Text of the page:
- Helping Victims
- Community Relations
- Early Prison Releases
- Police Use of Force
Services & Information/ Collaborative Courts
Community Realignment Re-Entry Court
The Community Realignment Re-Entry Court was formed in 2013 as a result of AB 109, known as “Public Safety Realignment,” under which many offenders who would normally be sentenced to state prison are instead sentenced to county jail. Learn More
CSEC (Commercial Sexually Exploited Children) Court
This court addresses concerns that children who are being commercially sexually exploited have specific safety, accountability, mental health stability, and enroll in school or find employment.
Established in 1995, Drug Court was created to assist repeat, non-violent drug and property crime offenders by offering drug treatment instead of jail time. Offenders may be eligible for Drug Court if their drug abuse or addiction was a motivating factor in their current offense and they are not currently on parole. The District Attorney's Office and the Probation Department determine a defendant's eligibility. A treatment program is provided by the Department of Health and Human Services. Defendants who establish a consistent pattern of clean drug tests, employment or enrollment in vocational or educational programs, and other proof of a stabilized lifestyle, graduate from the program. All criminal charges are dismissed.
Juvenile Drug Court (JDC) Program
This court provides treatment and rehabilitation to certain non-violent youth with significant substance abuse issues.
Loaves & Fishes Court
With the support of the Sacramento Superior Court and the District Attorney, the Public Defender’s Office started a monthly legal clinic at Loaves and Fishes, a homeless shelter in downtown Sacramento. As a result of this collaboration, the program clears over 600 warrants annually, provides on-site consultation to over 300 homeless participants and places cases on a monthly court calendar for resolution. Rather than assessing fees as part of the resolution, homeless offenders participating in the program are offered options such as community service, credit for time in clean and sober living facilities and/or mental health treatment. This helps reduce the jail population, allows for a fair sentence for the offender and contributes to the well-being of the community.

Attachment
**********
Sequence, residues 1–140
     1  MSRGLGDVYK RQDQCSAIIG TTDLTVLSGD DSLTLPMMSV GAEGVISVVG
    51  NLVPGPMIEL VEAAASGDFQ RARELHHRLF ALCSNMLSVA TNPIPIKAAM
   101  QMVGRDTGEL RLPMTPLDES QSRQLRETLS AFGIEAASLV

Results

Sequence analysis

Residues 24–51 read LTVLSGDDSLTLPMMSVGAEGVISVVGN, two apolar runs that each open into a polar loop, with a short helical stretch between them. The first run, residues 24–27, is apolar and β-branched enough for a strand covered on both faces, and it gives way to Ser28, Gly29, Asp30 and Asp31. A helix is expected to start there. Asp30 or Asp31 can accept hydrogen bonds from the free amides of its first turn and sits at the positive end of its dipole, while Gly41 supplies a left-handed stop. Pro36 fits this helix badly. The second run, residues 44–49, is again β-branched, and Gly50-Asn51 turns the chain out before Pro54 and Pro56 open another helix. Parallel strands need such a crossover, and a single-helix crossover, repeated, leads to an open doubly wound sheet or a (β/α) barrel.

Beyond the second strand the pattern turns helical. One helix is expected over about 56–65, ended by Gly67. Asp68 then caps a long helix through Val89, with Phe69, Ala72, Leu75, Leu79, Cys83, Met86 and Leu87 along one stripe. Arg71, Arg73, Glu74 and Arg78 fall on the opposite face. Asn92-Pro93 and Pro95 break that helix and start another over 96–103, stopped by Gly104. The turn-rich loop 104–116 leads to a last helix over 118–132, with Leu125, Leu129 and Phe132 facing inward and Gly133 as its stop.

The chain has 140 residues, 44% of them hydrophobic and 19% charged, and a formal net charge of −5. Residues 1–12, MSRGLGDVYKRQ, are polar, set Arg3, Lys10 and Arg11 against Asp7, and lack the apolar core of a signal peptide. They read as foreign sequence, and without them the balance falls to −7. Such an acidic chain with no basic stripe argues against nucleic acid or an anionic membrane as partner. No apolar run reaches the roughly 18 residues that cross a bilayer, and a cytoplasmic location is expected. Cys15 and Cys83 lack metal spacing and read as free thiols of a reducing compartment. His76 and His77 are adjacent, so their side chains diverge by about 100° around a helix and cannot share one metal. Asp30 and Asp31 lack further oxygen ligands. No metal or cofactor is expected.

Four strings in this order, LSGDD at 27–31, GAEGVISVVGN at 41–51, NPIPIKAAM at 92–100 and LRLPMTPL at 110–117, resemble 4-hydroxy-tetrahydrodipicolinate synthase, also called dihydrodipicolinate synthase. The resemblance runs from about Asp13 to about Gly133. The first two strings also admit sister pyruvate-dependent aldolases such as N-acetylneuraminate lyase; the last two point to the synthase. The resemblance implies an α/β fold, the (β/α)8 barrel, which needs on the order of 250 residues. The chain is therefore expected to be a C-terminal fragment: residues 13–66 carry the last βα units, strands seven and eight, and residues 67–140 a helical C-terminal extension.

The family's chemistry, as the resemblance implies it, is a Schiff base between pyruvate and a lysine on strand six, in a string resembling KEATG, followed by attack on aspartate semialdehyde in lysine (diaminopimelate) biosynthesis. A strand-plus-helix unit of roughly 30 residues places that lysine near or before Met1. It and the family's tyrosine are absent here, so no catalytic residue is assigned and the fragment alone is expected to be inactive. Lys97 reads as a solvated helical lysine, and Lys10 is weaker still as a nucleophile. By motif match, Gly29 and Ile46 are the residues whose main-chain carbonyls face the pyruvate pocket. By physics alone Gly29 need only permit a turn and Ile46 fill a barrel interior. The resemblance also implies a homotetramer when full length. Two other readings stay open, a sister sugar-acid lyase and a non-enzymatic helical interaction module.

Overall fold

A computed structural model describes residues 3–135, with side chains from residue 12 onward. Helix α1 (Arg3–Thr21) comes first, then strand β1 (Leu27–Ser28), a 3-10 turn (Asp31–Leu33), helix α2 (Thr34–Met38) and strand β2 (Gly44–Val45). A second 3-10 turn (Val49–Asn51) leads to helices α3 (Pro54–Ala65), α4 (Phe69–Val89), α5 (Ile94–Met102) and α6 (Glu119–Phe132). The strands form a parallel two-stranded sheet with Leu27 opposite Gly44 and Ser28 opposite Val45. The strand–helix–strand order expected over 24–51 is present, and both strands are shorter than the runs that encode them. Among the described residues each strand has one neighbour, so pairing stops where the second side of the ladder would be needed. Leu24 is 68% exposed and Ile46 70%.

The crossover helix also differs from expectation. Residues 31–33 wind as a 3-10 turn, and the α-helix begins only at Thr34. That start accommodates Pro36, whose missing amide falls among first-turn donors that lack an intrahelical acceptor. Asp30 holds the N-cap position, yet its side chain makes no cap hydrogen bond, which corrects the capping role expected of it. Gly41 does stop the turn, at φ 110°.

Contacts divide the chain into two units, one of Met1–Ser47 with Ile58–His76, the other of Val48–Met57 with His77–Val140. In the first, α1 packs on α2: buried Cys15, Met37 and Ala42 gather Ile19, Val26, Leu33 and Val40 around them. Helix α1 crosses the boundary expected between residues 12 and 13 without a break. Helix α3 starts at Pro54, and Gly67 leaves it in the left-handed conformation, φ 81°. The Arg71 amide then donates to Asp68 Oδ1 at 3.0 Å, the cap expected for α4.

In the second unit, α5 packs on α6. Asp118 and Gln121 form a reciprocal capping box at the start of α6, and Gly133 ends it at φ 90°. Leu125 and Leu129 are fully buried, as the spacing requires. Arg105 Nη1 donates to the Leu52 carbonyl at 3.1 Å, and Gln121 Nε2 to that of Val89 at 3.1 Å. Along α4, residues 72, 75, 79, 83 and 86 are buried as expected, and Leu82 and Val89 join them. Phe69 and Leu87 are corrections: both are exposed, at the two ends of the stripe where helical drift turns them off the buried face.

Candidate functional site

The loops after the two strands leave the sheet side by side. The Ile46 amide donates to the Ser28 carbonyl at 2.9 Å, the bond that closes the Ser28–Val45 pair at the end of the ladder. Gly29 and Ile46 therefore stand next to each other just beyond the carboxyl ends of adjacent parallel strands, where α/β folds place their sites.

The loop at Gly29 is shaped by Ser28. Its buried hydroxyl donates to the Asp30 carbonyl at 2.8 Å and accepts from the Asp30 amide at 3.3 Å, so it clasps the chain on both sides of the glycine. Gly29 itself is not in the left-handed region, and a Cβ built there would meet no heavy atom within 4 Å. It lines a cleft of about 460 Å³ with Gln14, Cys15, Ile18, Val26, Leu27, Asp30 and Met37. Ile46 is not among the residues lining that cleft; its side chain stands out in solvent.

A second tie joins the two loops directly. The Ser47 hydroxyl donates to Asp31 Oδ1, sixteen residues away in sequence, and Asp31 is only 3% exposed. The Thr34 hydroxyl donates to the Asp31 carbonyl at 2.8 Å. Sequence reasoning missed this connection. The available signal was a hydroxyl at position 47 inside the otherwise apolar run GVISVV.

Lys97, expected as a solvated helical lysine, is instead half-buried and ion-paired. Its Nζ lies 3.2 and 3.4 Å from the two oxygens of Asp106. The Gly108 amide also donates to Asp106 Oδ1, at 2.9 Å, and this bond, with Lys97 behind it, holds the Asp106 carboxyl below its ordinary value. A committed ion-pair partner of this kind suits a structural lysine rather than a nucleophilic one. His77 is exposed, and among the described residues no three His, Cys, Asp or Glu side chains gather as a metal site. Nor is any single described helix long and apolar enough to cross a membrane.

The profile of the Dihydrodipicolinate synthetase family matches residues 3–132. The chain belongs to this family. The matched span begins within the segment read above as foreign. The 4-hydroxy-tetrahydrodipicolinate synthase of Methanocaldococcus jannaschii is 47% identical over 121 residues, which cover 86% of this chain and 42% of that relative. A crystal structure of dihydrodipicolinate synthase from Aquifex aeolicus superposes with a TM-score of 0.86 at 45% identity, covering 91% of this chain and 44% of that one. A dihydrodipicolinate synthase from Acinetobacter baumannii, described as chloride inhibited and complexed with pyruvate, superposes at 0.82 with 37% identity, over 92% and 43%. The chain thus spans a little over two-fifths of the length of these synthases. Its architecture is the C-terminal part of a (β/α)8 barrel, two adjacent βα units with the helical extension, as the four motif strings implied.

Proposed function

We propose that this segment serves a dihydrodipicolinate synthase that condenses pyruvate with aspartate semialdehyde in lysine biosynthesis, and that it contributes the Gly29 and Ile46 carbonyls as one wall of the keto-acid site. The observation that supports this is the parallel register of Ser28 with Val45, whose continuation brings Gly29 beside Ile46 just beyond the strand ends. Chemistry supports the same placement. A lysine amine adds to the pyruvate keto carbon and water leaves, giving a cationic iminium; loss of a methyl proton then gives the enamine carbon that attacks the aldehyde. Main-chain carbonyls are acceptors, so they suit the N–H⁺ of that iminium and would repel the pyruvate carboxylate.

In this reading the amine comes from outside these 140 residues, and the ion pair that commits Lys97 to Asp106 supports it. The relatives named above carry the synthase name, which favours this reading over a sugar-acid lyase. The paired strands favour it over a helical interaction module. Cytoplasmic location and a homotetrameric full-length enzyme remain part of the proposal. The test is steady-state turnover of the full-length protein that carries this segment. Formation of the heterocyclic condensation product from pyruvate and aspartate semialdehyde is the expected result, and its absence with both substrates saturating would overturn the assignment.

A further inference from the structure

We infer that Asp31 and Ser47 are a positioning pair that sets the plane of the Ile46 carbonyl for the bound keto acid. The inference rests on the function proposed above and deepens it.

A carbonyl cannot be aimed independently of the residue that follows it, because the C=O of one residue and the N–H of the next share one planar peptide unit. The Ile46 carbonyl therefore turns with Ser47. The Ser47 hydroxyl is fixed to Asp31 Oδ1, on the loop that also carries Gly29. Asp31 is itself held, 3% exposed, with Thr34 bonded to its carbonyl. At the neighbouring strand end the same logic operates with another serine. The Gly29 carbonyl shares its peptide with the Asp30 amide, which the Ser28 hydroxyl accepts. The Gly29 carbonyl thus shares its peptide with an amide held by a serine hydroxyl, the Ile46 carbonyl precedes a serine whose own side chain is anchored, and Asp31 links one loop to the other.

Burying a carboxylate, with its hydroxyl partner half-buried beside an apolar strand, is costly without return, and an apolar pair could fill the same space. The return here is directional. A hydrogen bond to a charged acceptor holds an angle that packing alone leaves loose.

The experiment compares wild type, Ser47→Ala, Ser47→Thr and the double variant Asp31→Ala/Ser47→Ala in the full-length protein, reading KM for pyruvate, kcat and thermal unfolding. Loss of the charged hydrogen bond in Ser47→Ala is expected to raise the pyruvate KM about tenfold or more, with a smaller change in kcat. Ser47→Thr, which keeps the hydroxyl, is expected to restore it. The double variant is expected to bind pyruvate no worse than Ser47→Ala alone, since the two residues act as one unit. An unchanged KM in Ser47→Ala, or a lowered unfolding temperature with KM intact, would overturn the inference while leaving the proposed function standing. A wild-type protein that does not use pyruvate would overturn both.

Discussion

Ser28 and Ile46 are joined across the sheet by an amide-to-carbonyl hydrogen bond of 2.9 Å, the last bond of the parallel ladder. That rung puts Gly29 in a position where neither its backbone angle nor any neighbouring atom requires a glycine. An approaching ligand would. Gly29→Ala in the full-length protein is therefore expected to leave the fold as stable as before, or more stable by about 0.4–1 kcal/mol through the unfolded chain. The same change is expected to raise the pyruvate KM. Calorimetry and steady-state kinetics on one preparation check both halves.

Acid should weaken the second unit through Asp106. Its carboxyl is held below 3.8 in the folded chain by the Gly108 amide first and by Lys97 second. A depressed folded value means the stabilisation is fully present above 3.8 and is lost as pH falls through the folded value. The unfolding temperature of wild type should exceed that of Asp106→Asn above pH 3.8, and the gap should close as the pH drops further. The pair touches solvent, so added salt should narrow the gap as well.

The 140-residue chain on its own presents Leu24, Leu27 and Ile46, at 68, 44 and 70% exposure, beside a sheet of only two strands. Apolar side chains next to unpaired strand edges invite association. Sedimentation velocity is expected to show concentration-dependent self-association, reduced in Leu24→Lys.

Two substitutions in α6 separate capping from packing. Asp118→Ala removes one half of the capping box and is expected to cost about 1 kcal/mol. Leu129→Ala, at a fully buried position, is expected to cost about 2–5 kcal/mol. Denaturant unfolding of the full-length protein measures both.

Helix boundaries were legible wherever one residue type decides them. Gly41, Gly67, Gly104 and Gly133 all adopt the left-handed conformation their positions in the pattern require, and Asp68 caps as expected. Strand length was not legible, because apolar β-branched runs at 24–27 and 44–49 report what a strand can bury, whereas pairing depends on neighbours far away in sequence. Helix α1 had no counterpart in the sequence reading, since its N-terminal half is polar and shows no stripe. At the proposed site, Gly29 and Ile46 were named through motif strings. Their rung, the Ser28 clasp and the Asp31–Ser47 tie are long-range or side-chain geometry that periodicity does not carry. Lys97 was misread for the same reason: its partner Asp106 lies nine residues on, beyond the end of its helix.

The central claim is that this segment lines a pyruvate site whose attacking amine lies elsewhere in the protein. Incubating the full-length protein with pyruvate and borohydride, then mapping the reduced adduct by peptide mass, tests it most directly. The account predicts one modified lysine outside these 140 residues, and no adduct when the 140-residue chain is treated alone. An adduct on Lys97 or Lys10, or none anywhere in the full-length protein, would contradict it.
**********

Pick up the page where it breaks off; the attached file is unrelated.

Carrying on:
Mental Health Court
This program is for those diagnosed with mental illnesses that cause significant impairment, like schizophrenia and anxiety disorders, among others. Learn More
Prop 36 Court
This court was developed to accommodate the Substance Abuse and Crime Prevention Act of 2000 (Prop 36), which was an initiative statue that permanently changed state law. This initiative allowed non-violent offenders being charge with drug possession, to receive probation rather than incarceration.
REducing Sexually Exploited & Trafficked (RESET) Court
An adult court diversion program for young adult women arrested for sex work crimes. The new FREE program will provide wrap around trauma based services, life skills and peer mentoring that will give women real life skills and options to better their current circumstances. The program replaces a former program that cost women up to $250 and did not address their specific needs. The new program also provides the opportunity to eliminate the criminal record for the offense, which in the past hampered efforts of those trying to escape a trafficking environment.
Veterans' Treatment Court
There are currently 21 Veterans' Treatment Courts operating in California. The program was created in response to thousands of mentally ill and addicted veterans going through lifetime cycles of crime, arrest, court proceedings, incarceration, release and more crime. With approximately 2 million veterans returning home, it is likely many will end up in the criminal justice system. Learn More
Violation of Probation (VOP) Court
Launched in 2008, Violation of Probation Court offers felony probationers who commit a new non-violent, non-serious offense qualify to participate in VOP Court. If found to be in violation of their probation, the judge sentences the offender to the same options available as if the offense was charged as a new case. A VOP case is resolved with a court trial rather than a jury trial, and is typically resolved in an average of 13 days, 32 days less than if charged with a new crime. By reducing the number of court appearances and reducing the number of days the offender spends in jail, this program saved Sacramento County $12.6 million in its first two years.